Think you're reaching the right audience, in the right way? If you find yourself answering the same questions over and over, you might not know your audience as well as you thought. Here are 5 questions to ask yourself along with real-life examples of why the answers are important.
1. Where are they located?
A lot of people forget about this simple question when planning their writing. I get it. The easier it is to meet people thousands of miles away, the faster you realize that we're all pretty similar. After all, everyone wants to live a good life, and we all hate jerks. But when it comes to putting your ideas into words, suddenly idioms, cultural references, and even cliches become very important. (Even for writers of ransom notes!)
Real-Life Example: "Check out the video below."
Last year, I wrote an e-learning course for medical device sales reps based in the United States. To increase engagement, we needed the narrator to sound like sales reps: friendly, yet professional. So, it was common for the narrator to say things like, "To learn more, check out the video below." When the course went worldwide, however, some students outside the U.S. told us they were expecting to have to check out and download the file, like you would from a library. To remedy this misunderstanding, we changed "check out" to "click play."
2. What do they know?
Be careful not to insult your audience by assuming they know less than they do. Humans are problem solvers by nature, so give them credit and avoid being overly simplistic. Likewise, it's equally important to avoid frustrating them by getting too technical too fast. Don't be afraid to ask questions, or send out a survey, if you're unsure what level of knowledge your target audience has.
Real-Life Example: Acronyms
One of our clients writes books and articles about the information technology (IT) industry. Most of their work is directed at fellow IT professionals who recognize computer engineering acronyms even more than the spelled-out versions. So, the style sheet I created for them mandates that we will only spell out uncommon acronyms (instead of all of them) on first mention. That way, readers aren't unnecessarily distracted from the content.
3. What do they want?
This is where a lot of folks start identifying their audience. The answer is usually, "My audience wants what I'm selling, of course!" If it was that easy, you wouldn't have to write anything because your audience would already be knocking on your door. Think beyond what your audience says they want. Think beyond products. Instead, consider why they want a particular thing. How does it make them feel? What does it help them do? What are their ultimate goals?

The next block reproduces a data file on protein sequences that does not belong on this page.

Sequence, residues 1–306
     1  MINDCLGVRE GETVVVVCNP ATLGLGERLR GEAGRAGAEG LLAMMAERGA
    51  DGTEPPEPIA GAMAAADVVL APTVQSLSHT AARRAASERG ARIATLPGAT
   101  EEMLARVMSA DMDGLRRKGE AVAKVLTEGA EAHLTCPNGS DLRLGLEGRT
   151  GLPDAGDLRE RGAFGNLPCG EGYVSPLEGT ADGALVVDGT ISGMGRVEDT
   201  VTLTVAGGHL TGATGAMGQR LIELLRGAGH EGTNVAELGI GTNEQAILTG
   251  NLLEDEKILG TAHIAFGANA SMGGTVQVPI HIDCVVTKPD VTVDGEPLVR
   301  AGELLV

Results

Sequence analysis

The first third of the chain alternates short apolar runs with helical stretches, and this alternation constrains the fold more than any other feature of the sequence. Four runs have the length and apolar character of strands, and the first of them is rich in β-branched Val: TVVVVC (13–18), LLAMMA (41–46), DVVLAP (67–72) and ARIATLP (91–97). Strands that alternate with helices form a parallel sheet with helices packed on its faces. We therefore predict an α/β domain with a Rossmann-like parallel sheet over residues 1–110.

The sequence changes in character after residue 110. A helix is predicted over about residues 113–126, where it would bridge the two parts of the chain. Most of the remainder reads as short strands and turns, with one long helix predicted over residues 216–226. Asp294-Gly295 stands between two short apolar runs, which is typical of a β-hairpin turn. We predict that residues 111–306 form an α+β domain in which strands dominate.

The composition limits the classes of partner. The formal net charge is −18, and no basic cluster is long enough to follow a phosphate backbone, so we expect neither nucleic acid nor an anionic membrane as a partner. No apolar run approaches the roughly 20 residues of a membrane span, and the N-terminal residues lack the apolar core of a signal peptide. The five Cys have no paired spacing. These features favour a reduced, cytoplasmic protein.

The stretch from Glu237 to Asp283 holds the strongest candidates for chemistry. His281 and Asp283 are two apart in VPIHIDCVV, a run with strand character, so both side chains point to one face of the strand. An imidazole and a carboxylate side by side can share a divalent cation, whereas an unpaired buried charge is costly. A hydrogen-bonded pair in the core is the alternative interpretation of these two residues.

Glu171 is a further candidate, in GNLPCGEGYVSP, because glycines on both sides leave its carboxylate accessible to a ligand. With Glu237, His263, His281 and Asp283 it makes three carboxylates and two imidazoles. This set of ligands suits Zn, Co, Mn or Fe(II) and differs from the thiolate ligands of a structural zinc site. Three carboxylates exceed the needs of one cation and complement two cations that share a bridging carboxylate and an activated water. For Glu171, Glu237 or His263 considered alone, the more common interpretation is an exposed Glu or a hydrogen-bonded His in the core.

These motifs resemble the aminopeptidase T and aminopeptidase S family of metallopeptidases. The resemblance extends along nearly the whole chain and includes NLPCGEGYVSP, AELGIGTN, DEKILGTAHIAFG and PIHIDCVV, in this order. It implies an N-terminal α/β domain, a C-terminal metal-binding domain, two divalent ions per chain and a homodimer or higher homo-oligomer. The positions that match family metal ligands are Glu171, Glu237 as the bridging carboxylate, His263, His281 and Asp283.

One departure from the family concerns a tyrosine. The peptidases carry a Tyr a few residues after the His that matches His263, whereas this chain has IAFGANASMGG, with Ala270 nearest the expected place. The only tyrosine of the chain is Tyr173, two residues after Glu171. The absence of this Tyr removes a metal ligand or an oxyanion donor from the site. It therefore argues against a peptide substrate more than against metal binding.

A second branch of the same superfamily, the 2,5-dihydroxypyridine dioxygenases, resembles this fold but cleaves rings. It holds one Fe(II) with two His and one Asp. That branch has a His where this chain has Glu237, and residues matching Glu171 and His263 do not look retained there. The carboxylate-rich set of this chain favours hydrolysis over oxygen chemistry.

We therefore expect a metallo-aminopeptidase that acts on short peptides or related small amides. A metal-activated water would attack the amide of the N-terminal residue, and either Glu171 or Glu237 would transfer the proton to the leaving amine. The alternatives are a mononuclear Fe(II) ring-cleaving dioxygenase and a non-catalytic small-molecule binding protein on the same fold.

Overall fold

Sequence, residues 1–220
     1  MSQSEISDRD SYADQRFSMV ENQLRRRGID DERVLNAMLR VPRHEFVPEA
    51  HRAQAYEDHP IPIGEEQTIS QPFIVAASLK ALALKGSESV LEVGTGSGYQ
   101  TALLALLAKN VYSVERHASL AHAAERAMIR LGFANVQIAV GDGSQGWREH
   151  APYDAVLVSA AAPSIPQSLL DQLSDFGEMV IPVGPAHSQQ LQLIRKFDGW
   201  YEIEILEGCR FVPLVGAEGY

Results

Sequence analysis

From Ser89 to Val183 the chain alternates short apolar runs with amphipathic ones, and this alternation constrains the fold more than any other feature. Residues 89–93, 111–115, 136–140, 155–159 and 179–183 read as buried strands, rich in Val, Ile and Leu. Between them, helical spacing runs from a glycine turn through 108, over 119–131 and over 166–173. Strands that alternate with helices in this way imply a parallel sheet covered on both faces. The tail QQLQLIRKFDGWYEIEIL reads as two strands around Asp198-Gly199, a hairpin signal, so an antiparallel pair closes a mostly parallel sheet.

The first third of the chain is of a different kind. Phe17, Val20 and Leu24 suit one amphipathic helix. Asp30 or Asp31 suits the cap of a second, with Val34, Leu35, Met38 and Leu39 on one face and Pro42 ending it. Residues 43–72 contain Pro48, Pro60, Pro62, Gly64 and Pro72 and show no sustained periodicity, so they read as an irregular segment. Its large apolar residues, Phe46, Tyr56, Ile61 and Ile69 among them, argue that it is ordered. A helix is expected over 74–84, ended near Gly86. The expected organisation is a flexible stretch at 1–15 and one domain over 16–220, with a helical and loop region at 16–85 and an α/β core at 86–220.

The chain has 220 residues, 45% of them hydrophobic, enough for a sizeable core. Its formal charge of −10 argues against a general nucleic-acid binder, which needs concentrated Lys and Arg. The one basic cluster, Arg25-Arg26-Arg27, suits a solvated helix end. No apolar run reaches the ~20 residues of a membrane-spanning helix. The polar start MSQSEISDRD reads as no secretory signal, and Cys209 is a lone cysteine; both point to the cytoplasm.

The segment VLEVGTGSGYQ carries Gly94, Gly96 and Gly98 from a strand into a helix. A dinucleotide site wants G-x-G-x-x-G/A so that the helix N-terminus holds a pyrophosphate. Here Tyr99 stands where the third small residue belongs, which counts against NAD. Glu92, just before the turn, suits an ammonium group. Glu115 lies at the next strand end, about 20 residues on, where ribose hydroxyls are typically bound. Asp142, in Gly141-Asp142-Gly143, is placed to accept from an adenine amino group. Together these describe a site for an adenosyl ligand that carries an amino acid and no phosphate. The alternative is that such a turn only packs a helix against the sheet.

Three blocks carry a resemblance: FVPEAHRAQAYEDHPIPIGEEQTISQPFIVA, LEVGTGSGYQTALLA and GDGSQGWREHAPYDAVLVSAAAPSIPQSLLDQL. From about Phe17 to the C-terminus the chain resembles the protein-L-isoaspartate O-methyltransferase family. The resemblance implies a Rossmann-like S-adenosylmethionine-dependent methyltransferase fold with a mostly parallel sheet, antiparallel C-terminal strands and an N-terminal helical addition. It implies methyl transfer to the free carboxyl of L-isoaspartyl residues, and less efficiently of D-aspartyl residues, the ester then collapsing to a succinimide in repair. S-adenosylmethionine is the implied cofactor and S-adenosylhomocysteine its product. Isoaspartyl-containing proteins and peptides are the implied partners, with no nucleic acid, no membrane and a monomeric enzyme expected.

4. How old are they?
Like geographic location, age is a great cultural unifier. It also can tell you a lot about the likely level of knowledge your audience may have, what their goals are, and how they communicate. The words and authorial voice that appeal to readers in their 60s will likely seem dated or out-of-touch to 20-year-olds.
5. Are they the right fit for you?
This is important, yet it's something many never consider. You do not have to appeal to everyone. Let me repeat that: You do NOT have to appeal to everyone. In fact, doing so would be a disservice to your readers. You'll end up watering down your message and neutralizing your voice until your work doesn't really appeal to anyone. Then, the people you really need to reach don't notice you.
Real-World Example: "Got words? Call me."
When I started Dream Write Creative, I used to tell people, "If it has words, I can help you." It was true, and I did get a good amount of work; however, it wasn't the type of work I loved (or that was always the most profitable). It also confused a lot of potentially awesome clients. Basically, I realized that by attempting to appeal to everyone, I ended up sounding vague and wishy-washy. So, I started being more direct, making it clear that DWC provides writing and editorial services for marketing and training materials. That simple change actually increased the amount and quality of our projects because we were finally working with the right audience.
Get the "Who's Your Audience?" cheat sheet to keep these questions handy!